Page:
Okay, I have to say it: the people of Georgia’s 14th District are obviously the dumbest people in America. Anyone...Read more
Don't like to read? Listen Now!
Should Christians celebrate Halloween? This year, it falls on a Sunday. This has been a controversial topic for decades. Some view dressing up, eating candy, and enjoying the festivities harmless and innocent, while others view it as an offense to their faith. Americans spend nearly $6.9 billion yearly, making it the second-largest commercial holiday in the country. As commercialized as the celebration has become, many of its roots are completely paganist. Is this a cause for Christians to avoid the entire celebration?
This is a time of year filled with debate, but not necessarily politics. Many Christians believe Halloween is a satanic holiday, while the rest of the world has found its sweet spot complete with costumes and candy. Children and adults seem to love dressing up and enjoying the festivities, suggesting from its haunted history to modern festivities, this holiday is a big deal. With decorations, candy, parties, and costumes, the average American spends up to $100 or more in the spirit of celebration.
Halloween is the holiday that links the seasons of fall and winter. Reportedly, it originated with one of the ancient Celtic festivals; an event where people would wear various costumes and light bonfires in hopes of warding off roaming ghosts. However, by the late 1800s, Americans shifted the theory of Halloween into a holiday centered on community and fun events. For many people, the focus has shifted from witchcraft and ghosts to neighborhood celebratory events. Given the evolution, should Christians change their stance to celebrate the holiday?
Despite having at least partial roots from a Christian tradition, the relationship between Halloween and Christians has long been complicated. On October 31, 1517, Martin Luther essentially started the Protestant Reformation in Wittenberg, Germany, when he nailed his 95 Theses to a door. Many early Christian groups that came to America rejected this holiday as pagan. The Protestant Reformation heavily influenced the Pilgrims, Puritans, Quakers, and Baptists, causing a majority to frown upon it. However, that did not prevent Halloween from finding its way to American shores.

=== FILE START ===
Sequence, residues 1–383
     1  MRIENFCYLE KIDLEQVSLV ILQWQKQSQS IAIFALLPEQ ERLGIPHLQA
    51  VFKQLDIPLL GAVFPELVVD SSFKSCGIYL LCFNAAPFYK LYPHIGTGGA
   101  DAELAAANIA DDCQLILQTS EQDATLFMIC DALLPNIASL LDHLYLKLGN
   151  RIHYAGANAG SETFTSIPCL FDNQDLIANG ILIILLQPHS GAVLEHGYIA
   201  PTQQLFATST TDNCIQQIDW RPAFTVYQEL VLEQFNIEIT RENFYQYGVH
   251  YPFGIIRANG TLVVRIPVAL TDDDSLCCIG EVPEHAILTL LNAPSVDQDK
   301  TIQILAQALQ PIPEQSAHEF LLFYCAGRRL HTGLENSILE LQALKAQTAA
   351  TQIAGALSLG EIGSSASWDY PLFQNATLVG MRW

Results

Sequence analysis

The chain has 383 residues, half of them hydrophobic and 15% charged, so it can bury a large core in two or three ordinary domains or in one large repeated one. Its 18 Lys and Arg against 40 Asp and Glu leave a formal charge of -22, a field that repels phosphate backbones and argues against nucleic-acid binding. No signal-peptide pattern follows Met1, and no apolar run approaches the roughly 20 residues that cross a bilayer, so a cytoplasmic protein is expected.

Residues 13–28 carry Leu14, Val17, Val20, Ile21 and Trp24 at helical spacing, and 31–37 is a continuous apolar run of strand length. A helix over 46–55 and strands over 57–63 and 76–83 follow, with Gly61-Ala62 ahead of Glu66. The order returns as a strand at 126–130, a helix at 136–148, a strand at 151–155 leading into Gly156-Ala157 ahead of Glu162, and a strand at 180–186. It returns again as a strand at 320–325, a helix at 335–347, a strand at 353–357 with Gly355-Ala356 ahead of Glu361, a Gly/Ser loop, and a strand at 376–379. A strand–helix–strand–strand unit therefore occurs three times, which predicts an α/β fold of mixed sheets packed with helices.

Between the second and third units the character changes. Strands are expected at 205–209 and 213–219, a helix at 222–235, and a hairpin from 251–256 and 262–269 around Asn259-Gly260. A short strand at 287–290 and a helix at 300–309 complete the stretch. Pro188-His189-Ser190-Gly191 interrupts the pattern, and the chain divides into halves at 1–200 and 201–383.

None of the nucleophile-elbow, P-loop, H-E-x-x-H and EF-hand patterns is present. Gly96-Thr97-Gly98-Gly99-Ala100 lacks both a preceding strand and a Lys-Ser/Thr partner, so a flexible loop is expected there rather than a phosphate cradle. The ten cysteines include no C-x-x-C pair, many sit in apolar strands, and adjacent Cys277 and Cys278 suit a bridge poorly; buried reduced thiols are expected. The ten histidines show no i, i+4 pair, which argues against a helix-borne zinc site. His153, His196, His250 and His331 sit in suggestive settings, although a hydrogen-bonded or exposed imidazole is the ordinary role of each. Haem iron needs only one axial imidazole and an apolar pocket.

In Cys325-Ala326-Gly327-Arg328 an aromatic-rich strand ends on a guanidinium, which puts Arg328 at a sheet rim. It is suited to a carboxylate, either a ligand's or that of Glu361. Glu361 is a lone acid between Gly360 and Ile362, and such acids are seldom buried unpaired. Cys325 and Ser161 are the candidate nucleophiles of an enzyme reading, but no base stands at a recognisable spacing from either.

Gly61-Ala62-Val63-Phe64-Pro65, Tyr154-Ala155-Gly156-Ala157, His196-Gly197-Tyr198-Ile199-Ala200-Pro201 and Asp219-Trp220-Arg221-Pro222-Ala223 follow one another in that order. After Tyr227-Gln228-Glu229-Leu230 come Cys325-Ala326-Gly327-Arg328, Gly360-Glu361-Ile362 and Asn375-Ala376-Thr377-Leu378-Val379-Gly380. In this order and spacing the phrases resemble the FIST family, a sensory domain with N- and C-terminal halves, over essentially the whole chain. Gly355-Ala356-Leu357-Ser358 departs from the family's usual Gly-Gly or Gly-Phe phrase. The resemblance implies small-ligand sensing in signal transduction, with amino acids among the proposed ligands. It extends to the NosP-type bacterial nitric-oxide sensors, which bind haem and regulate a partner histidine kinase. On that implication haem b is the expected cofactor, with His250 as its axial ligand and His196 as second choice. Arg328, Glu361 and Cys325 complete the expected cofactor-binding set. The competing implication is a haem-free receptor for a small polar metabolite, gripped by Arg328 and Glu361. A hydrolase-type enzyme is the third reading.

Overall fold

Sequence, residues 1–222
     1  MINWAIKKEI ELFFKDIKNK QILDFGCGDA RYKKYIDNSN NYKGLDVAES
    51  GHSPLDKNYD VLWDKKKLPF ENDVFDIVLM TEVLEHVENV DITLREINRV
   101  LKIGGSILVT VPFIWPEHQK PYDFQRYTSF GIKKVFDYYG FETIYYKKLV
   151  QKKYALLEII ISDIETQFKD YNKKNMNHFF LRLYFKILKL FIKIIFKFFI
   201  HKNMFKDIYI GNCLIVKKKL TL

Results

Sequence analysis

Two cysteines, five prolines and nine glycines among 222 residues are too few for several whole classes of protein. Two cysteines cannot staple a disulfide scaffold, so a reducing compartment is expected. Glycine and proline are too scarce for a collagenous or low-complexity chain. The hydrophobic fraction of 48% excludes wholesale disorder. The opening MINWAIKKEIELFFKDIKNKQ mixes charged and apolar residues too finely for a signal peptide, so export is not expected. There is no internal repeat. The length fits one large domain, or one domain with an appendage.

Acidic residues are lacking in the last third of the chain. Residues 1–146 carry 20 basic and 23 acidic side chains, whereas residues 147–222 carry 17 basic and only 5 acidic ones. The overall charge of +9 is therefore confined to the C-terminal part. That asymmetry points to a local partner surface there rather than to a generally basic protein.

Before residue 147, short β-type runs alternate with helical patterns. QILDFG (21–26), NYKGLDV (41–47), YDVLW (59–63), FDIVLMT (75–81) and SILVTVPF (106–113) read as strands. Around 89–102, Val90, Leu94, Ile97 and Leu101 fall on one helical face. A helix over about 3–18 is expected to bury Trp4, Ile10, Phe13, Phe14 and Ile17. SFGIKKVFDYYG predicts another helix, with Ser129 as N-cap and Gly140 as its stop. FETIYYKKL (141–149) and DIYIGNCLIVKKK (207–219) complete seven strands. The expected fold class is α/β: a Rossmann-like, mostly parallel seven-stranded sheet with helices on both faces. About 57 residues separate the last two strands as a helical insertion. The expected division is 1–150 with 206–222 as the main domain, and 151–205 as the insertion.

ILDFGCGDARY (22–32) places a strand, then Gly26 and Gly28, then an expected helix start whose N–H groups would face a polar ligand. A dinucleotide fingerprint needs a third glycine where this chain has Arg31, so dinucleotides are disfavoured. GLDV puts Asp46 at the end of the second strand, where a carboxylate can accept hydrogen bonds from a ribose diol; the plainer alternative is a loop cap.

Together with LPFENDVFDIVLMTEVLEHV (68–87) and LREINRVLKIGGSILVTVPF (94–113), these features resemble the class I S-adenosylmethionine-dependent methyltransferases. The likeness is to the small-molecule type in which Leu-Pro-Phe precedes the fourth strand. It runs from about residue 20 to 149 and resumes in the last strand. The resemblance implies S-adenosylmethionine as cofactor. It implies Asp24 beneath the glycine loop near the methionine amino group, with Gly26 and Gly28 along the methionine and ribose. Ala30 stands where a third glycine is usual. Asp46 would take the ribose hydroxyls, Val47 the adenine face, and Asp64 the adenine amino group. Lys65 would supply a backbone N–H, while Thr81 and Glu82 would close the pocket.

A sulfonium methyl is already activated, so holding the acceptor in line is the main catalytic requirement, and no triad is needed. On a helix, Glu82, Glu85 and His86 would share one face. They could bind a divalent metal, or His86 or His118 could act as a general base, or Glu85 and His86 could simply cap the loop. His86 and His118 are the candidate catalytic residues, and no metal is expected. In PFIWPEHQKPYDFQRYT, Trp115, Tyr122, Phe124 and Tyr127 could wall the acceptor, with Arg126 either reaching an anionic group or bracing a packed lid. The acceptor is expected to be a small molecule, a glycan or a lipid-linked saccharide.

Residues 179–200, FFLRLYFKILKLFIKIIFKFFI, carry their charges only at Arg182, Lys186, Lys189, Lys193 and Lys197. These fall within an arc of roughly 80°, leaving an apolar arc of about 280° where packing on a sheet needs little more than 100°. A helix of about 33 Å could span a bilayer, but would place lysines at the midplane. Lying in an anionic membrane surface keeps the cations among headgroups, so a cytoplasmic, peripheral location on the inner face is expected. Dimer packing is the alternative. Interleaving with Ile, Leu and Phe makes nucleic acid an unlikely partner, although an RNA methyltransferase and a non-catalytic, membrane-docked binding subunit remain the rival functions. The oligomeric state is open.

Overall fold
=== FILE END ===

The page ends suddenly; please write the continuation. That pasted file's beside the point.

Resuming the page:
In the eighth century, Pope Gregory III dedicated November 1 as a time to honor all saints and martyrs. The holiday became widely recognized as All Saints’ Day. The evening before was known as All Hallows’ Eve, which later became Halloween. The word “hallow” originated from the Old English word for “holy” and “e’en” is an abbreviation of “evening.” As such, Halloween represented the night before All Saints Day.
Over time, Halloween advanced into a secular, community-based holiday branded by child-friendly activities including costumes, neighborhood trick-or-treating, and more recently, trunk-or-treating. Along with a variety of pumpkin-flavored foods, parties for both children and adults have become a common way to celebrate the holiday. Some Christians still choose to lock themselves indoors with the lights off, but others have found freedom in their faith and are at liberty to decide when and how to participate.
In multiple countries around the world, as the days grow shorter and the nights get colder, people continue to escort the winter season with candy-coated gatherings and a wide range of costumes. Halloween is a celebration that allows people of all ages to participate. Nevertheless, the question remains, “Should Christians celebrate?”
Due to the efforts of community leaders and parents, Halloween has lost most of its illogical and religious undertones, and is now more about imagination than spooky interpretation. There is nothing sinful about a Christian dressing up and participating in fun, non-threatening celebrations. Today, many Christians find no harm in dressing in costumes, attending parties and festivals, as well as allowing their children to participate in school and local activities.
Opinion by Cherese Jackson (Virginia)
Kidsville News: Around the World – October
Grace to You: Christians and Halloween
Top Image Courtesy of Bill Rogers’s Flickr Page – Creative Commons License
Inline Image (1) Courtesy of Diego Delso – Wikipedia Creative Commons License
Inline Image (2) Courtesy of Bill Rogers’s Flickr Page – Creative Commons License
Featured Image Courtesy of JCuik – PXFuel Creative Commons License